Dr Minji Wei from Peking University Clinical Pharmacology Research Center discussed the format and content of bioanalysis reports for the application of marketing authorization of new drugs. He compared the requirements from CFDA, FDA and EMA guidance on this particular topic. Based on his extensive experience on drug application review, he listed a number of mistakes the applicants had made. He also proposed valuable suggestions for improvement in this area.
Dr Bin Ye from Shenogen gave a general review of the important roles and general trend of biomarker in translational research and clinical trials, especially in cancer research. He discussed the FDA guidelines in biomarker bioanalytical practice in clinical trials. To elucidate the role of biomarker, Dr Ye gave several examples of precision medicine and targeted therapy in lung cancer and clinical trial designs for maximum efficacy on targeted subpopulations. Finally, based on his experience, he discussed the biomarker strategy, challenge and opportunity to conduct China ‘first-in-class’ drug innovation and early clinical trials in liver cancer.
Professor Yu Li from Shanghai Jiaotong University also shared his experience in biomarker identification and relevancy in diseases such as colon cancer as well as life span extension. Professor Pei Hu from PUMCH illustrated the utility of modeling approach for PK prediction in Chinese population.
Challenges in bioanalysis
Jiang Luo from Wuxi AppTec discussed one of the most difficult tasks in LC–MS/MS analysis: measuring endogenous compound in biological matrices, which was due to the difficulty to find endogenous free blank matrix and calculate/set up QC concentrations. He listed three scenarios he encountered when endogenous level was much less than LLOQ, approximately 3× LLOQ and much higher than 3× LLOQ. Using different case studies, Jiang shared his experience of using surrogate matrix or modified matrix to replace authentic matrix to prepare for calibration standards and QC samples, and using either standard addition or surrogate analyte to deal with three different scenarios above.
Dr Wenzhong Liang, also from Wuxi AppTec, shared his experience in investigating the impact of blank matrices from different ethnic groups (Chinese vs Caucasian) on assay performance in LC–MS/MS analysis of ADC. In a case study, he found the matrix effect of blank matrices from different ethnic groups would cause issues in quantitative analysis. He investigated different ways of sample clean-up and concluded liquid–liquid extraction (LLE) was the best technique. He also optimized LLE conditions including shaking time and vortex speed to achieve satisfactory assay performance.
Dr Eric Liang from Novartis China gave an interesting presentation on continuing challenges after method validation for large molecule. He mentioned that the majority of his workload as a bioanalytical scientist in global pharma company was postmethod validation. The potential challenges could be predictable when the validated method moved from normal to patient population (ISR, selectivity and LLOQ, cut points for immunogenicity assays, matrix interference and parallelism, etc.) and the projects moved toward late stage development. However, many challenges might be unpredictable. He discussed several cases in which they faced issues of stability, lack/misuse of the anticoagulant when collecting the blood samples, changes of critical reagents, change in drug dosing regimen and assay interference. He suggested in order to manage the bioanalytical projects in an effective way, necessary sources and a solid quality system need to be in place to identify and resolve the predictable and unpredictable problems. In addition, we should understand the limitation of any bioanalytical assays and carefully deal with the change of the assays when needed.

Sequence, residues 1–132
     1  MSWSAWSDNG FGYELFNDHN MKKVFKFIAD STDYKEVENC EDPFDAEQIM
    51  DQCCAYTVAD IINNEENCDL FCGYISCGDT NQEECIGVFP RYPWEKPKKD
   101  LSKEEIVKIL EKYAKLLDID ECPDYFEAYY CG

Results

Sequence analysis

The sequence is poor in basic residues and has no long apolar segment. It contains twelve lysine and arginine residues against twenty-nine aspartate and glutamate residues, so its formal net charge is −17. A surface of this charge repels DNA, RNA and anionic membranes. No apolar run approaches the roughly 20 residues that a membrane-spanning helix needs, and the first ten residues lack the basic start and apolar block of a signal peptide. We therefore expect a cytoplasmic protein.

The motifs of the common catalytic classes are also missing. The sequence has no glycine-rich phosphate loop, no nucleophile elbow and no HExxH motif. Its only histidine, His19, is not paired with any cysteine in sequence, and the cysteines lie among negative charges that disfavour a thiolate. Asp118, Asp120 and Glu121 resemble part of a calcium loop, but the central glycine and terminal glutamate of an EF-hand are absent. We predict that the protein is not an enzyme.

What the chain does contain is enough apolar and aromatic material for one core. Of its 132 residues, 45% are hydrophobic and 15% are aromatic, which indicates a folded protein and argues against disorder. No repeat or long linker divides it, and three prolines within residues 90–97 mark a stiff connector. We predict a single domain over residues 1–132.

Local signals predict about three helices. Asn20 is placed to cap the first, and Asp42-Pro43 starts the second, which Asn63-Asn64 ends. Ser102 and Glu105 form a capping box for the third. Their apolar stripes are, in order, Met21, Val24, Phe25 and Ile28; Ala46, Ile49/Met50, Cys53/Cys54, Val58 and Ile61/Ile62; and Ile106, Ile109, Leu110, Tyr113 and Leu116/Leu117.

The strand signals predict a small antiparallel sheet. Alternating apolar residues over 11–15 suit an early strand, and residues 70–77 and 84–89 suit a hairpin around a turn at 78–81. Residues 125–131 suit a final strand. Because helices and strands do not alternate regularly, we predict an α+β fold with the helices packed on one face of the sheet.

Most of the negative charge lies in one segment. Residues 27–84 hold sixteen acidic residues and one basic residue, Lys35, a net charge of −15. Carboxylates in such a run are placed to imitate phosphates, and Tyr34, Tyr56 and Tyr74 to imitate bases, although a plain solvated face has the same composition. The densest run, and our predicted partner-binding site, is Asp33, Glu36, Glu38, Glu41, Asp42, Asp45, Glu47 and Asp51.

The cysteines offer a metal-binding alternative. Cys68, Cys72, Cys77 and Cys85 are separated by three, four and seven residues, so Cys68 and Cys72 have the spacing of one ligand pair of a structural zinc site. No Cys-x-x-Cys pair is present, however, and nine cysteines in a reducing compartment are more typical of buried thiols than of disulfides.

Professor Haifeng Song gave a presentation entitled ‘Bioanalytical Challenges in Development of Biosimilar Products’. He discussed the popular topic of ‘how similar is similar?’ and explained that, instead of safety and efficacy, the challenges for analysis and bioanalysis were the similarity and comparability between the original biologics and biosimilar products. In his talk, different platforms for immunoassay such as ELISA, ECL, Gyros, SPR, AlphaLISA were compared. The method development and validation for ligand-binding assays (LBA) and immunogenicity assays were also discussed in details.
Young scientists presentations
One of the purposes for CBF conference is to encourage the exchange of new ideas and technology among young scientists. This year there were eight presentations from young scientists as following:
Development, validation and evaluation of three assays to detect anti-fusion protein therapeutic antibodies: ELISA versus Gyrolab versus ECLA (Cyril Xie, UPP).
Quantitative LC–MS/MS MEAsurement of PD-1 antibody in Cynomolgus monkey plasma (Yong Yang, SIMM).
Separation of pterins using HILIC techniques (Xin Xiong, Peking University Third Hospital).
Consideration and strategy to deal with stability issues for small molecule in bioanalysis (Guiying Chen, Huazhong University of Science and Technology).
Bioanalysis of liposome drug in clinical pharmacology study (Xin Zheng, Peking Union Medical College Hospital).
Difficulty analysis and strategy in peptides bioanalysis using LC–MS/MS (Guolan Wei, Covance).
Pharmacokinetics of oxycodone and three metabolites in Chinese cancer patients (Guangtao Hao, Academy of Military Medical Sciences).
Bioanalytical method development and sample analysis for large molecule in PK/TK studies following GLP regulations (Yao Tang, Food and Drug Safety Institute, National Institutes for Food and Drug Control).
The interactive Q and A session after each presentation provided excellent scientific discussion and learning opportunities for young scientists.
CBF future plans
CBF is planning several initiatives for the next year. First, with the publication of new BMV guidance of China Pharmacopeia (2015), CBF will continue to publish relevant white papers to help Chinese scientific community understand and implement the guidance. Second, we plan to organize a workshop focusing on large molecule bioanlaysis and possibly publish a few papers in this area. Third, we will continue to support Young Scientist Discussion Groups in Beijing and Shanghai to encourage scientific exchanges among young scientists in formal or informal gatherings. Last, CBD is exploring the possibility to organize our next annual conference with other disciplines to strengthen CBF’s influence in pharmaceutical development.
No writing assistance was utilized in the production of this manuscript.